ABSTRACT: Due to challenges generating a nationally representative sample of the population in South Sudan, the true sickle cell mortality rate is currently unknown. Via an incomplete dataset, to estimate the excess risk of mortality associated with the SS genotype, we regressed genotype (SS versus AS and AA combined) on age using a generalized estimating equation with a logit link. We used an exchangeable correlation structure within household to account for clustering in genotypes among relatives. We excluded all individuals missing either age or genotype. The age coefficient from the generalized estimating equation is the change in the log odds of having SS genotype per year increase of age. Multiplying the age coefficient by negative one yields the additive increase in hazard of mortality associated with the SS genotype. The estimated change in log odds of having the SS genotype per year increase in age was -0.00058 (95% CI -0.0359, 0.0242). This represents a non-statistically significant 2.9% increase in five-year mortality for individuals with the SS genotype relative to those with AS and AA genotypes.

Postdoctoral Fellow, Department of Nutrition, Harvard T.H. Chan School of Public Health

ABSTRACT: The missing covariate indicator method has been considered a biased approach and thus dismissed as a method for dealing with missing data on covariates that may confound the exposure-outcome association in epidemiologic studies. However, the magnitude and determinants of such bias has never been assessed. We derived the formula for the relative bias arising from use of the missing covariate indicator method for estimating the relative risk of outcome in relation to exposure. When the covariate is not a confounder but only a risk factor for the outcome, the missing covariate indicator method is unbiased. In addition, we found that the relative bias does not depend on the disease prevalence or the association between the exposure and outcome, but is a function of 5 other parameters: the prevalences of the exposure and covariate, the proportion of missingness of the covariate, the relative risk of outcome in relation to the covariate, and the relationship between the exposure and the covariate. In an extensive numerical study, we found that, over a wide range of these 5 parameters, the median relative bias was always zero across any of the parameters averaged over all the others and the relative bias exceeded 10% in only 3% of the parameter space explored. In settings with covariate missingness of no greater than 50%, the percentage of scenarios with relative bias greater than 10% was less than 5%. In the Nurses' Health Study and Health Professionals Follow-up studies, the proportion of missing covariate data is low (for example, ‹10% for established breast cancer risk factors), and the missing covariate indicator method produced results that were materially the same as those obtained by the multiple imputation method in head to head comparisons for a number of exposure-disease associations where reviewers requested multiple imputation. In conclusion, the missing covariate indicator method is nearly valid almost always in settings typically encountered in epidemiology and its continued use is recommended, unless the covariate is missing in an extreme proportion or acts as a strong confounder, with a relative risk for the outcome in relation to the confounder greater than 5 or with a very strong association between the exposure and confounder, both of which rarely occur in practice.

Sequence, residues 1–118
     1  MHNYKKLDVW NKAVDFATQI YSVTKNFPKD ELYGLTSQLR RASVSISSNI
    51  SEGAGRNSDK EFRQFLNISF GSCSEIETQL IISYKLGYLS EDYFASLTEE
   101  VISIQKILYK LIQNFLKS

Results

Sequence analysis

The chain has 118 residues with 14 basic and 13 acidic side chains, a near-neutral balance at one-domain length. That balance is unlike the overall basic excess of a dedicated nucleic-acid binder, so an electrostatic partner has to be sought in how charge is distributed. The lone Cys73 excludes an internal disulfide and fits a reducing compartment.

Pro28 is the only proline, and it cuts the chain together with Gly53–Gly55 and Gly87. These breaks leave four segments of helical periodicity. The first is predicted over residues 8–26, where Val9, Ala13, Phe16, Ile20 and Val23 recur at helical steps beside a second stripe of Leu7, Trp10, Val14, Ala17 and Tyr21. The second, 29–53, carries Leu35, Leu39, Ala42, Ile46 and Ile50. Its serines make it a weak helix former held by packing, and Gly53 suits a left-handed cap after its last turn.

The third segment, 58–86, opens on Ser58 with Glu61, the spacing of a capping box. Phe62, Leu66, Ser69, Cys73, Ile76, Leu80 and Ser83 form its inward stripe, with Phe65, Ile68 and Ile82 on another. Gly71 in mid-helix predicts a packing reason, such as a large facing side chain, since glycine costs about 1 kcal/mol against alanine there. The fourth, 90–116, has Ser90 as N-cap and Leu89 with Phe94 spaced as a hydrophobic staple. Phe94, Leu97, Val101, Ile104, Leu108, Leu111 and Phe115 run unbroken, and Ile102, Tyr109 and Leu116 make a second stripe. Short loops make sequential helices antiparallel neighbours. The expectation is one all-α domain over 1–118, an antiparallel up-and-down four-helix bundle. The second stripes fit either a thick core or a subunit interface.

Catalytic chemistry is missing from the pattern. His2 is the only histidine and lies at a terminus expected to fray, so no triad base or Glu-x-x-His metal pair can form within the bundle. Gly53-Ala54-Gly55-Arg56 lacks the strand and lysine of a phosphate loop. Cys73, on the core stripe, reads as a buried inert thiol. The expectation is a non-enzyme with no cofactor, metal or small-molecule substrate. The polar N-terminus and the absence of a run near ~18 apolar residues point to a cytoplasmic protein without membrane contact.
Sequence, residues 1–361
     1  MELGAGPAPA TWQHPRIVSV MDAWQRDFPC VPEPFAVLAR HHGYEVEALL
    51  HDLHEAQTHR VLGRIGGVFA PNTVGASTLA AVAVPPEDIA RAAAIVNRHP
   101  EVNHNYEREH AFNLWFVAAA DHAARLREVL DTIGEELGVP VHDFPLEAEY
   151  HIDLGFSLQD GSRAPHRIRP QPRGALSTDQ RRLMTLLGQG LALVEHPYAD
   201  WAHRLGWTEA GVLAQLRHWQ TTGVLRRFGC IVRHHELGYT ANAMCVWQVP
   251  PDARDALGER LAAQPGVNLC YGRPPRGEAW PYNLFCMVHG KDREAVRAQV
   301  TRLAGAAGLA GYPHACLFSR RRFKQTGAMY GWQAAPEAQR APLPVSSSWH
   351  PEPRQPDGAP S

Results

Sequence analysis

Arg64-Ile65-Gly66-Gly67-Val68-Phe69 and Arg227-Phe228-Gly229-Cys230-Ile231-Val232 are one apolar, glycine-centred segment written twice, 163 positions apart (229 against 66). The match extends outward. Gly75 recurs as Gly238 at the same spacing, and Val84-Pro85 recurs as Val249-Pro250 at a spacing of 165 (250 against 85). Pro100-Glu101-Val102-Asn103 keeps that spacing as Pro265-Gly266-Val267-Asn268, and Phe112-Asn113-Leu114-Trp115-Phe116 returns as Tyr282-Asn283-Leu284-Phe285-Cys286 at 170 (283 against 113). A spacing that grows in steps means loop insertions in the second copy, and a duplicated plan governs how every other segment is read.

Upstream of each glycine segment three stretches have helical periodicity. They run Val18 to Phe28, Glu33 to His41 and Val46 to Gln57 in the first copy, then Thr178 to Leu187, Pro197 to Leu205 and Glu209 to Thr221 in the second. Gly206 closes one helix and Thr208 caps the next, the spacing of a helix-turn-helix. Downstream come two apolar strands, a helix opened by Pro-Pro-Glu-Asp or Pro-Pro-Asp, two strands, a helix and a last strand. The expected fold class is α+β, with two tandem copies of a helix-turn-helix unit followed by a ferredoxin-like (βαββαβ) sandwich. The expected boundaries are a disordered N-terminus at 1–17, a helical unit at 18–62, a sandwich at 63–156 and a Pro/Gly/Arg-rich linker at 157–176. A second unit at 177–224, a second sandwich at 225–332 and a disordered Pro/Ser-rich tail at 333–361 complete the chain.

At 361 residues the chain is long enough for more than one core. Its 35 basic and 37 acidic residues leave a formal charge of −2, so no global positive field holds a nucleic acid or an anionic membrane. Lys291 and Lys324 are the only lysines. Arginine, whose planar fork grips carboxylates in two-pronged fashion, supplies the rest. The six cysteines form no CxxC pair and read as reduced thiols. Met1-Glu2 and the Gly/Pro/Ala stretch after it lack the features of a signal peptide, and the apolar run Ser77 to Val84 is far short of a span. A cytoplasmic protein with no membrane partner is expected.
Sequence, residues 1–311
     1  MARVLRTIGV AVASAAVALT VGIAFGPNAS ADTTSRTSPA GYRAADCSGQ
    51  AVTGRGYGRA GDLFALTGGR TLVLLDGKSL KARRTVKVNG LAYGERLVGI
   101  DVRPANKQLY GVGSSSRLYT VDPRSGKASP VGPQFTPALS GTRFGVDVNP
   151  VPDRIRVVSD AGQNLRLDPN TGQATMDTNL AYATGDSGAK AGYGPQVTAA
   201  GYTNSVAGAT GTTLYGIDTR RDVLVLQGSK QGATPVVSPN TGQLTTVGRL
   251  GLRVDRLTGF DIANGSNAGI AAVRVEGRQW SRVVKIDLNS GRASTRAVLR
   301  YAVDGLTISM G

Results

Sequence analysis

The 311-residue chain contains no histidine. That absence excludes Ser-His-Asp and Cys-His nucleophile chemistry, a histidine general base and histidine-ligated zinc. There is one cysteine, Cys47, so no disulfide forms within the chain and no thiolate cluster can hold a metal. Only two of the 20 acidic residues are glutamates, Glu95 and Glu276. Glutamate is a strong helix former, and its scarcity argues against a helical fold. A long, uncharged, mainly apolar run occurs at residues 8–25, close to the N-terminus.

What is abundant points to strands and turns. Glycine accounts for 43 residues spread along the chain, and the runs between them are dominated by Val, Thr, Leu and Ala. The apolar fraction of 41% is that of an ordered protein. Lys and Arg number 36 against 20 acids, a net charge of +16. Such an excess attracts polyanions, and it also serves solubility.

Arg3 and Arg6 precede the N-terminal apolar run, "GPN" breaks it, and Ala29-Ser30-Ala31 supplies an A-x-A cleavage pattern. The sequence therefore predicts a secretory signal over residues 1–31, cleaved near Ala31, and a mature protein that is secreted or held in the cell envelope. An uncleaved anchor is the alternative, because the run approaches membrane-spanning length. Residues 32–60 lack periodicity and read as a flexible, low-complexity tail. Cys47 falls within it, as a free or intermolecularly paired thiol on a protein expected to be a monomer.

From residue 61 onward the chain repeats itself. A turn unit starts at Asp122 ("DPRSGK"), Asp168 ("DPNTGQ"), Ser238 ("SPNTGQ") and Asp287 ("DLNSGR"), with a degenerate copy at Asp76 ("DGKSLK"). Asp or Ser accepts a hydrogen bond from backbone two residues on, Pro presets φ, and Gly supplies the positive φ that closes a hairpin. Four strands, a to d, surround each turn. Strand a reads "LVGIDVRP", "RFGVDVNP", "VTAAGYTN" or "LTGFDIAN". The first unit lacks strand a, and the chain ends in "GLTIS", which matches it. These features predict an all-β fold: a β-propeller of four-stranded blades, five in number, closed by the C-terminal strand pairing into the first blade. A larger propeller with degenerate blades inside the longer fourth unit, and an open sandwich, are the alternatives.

Doctoral Student, Department of Epidemiology, Harvard T.H. Chan School of Public Health

ABSTRACT: None Given

Assistant Professor, Department of Biostatistics, Brown University

ABSTRACT: None Given

Research Scientist, Department of Epidemiology, Harvard T. H. Chan School of Public Health

ABSTRACT: None Given